Saturday, October 04, 2008

A tall tale or two from Vuo

from w
Don't know what Peceli will say about these stories. When he comes back from church I'll ask him about it. They are the kind of tall stories that are told around the yaqona bowl perhaps. The name 'Noa' suggests that the name is -post Christian entry to Fiji, but the story sounds much older. There is a present-day Noa in Labasa who is a musician - I guess he's related.
from Fiji Times today:
The first man on Malau
Sunday, October 05, 2008

Ratu Peni Vuakanisakea of Vuo Village who is also a member of the Mataqali Ligaulevu and his relation Josefa Poe related the story of the conniving warrior on the run who first settled Malau. His name was Noa Ratulegi and he was an able warrior from Lekutulevu who was called by the Tui Labasa, the fearsome Qomate at Nasekula Village. Joining Qomate's warriors, Ratulegi was supposed to march into battle with Qomate and Tui Wailevu and his warriors to overpower chiefs in Seaqaqa.

Ratulegi never reached the battle fields in Seaqaqa but returned to Wailevu Village where only the women were left behind. Mr Poe said his ancestor had affairs with most of the village women impregnating them.

Almost a year later, warriors of Wailevu Village returned from Seaqaqa. Ratulegi fled the village but not before clubbing another man and stealing his takia which he used to flee to Mali Island where he sheltered for many years under the protection of the Tui Mali. He fled Mali Island when Qomate and his warriors arrived to battle Tui Macuata for ownership of Mali.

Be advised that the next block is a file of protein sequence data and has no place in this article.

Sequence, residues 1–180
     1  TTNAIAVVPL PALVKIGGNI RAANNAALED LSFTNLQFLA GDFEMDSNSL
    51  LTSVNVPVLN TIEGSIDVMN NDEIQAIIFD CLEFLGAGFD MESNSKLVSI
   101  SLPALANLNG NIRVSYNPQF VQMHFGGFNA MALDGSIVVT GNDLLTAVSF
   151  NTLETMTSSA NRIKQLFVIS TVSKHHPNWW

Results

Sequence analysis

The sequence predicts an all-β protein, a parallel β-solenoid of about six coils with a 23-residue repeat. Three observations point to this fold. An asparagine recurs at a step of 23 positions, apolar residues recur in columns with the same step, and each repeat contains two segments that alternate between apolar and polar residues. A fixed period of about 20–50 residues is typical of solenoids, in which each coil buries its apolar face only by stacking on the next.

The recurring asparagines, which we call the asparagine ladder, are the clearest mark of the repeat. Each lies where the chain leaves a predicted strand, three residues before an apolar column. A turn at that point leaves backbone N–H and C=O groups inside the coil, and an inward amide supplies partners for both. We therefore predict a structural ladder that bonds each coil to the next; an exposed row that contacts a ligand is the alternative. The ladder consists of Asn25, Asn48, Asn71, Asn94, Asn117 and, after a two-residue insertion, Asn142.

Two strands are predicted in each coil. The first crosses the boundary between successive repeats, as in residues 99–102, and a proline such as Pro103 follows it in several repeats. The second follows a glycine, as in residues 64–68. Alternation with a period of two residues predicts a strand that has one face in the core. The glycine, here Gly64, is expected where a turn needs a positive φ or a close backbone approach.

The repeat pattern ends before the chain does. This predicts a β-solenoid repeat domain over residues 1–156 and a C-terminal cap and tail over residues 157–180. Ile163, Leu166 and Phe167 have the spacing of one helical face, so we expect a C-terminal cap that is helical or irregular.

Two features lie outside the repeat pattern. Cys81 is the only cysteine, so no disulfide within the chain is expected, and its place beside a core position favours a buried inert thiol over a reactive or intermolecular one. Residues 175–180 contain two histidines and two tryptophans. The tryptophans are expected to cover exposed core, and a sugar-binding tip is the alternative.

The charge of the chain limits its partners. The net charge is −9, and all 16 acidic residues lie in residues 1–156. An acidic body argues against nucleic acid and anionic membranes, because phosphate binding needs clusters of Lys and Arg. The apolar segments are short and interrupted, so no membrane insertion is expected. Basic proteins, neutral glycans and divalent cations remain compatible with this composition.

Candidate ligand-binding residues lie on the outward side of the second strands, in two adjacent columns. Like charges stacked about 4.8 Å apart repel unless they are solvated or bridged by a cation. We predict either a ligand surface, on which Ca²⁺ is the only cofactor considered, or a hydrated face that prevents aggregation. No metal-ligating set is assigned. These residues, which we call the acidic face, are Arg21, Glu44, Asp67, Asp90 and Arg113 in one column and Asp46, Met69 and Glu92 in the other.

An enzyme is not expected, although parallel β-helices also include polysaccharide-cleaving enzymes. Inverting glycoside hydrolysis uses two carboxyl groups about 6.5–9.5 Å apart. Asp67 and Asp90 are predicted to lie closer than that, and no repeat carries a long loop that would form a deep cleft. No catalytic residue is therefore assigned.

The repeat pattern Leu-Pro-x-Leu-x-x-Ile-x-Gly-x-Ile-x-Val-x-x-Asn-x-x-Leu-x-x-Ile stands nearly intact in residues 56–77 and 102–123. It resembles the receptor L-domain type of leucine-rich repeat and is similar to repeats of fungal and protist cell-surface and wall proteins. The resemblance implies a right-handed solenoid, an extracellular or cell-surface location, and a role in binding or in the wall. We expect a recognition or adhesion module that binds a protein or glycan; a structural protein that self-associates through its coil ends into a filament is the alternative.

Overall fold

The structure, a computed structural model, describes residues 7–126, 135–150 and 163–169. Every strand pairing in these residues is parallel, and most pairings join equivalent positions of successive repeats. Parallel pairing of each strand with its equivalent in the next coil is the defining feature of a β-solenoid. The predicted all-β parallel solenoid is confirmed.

Mr Vuakanisakea said his ancestor arrived at Malau with a Mali woman called Taraivosa Ili and so began the 'kawa of Malau' in a cave about 10km from where Malau is today.
(and the second story)
Where wishes can come true
Sunday, October 05, 2008

Noa Ratulegi, who mans the gate at the FSC Bulk terminal, told me about Viriviri.

He said: "In that cave if you throw stones at the roof of the cave, you will get the man or woman you've been having the hots for," Mr Railegi said.

I must see this cave I promised myself. And the very next day armed with a camera, flip flops and dressed for the occasion I was off to Viriviri, struggling through the swampy mangrove, enduring the slashing

Para grass, stumbling over fallen logs and exposed roots with children from the village and my guide Josefa Poe and his wife. They answered my groans of pain with "qo sa voleka sara, vo walega e va na miniti".
Four minutes stretched into one hour but Viriviri was well worth the walk.

Viriviri is a cave formed by a big, black rock with a ceiling curved into an arc jutting towards the ground. There is a little opening towards the jutting edge of the ceiling.

Mr Poe who related the legend said their love struck ancestors, desiring someone would go to the cave, place a pebble between their toes and kick it out towards the opening in the ceiling. Legend has it if the pebble lands on the edge of the opening than man or woman being desired is won. But if not, better luck next time.

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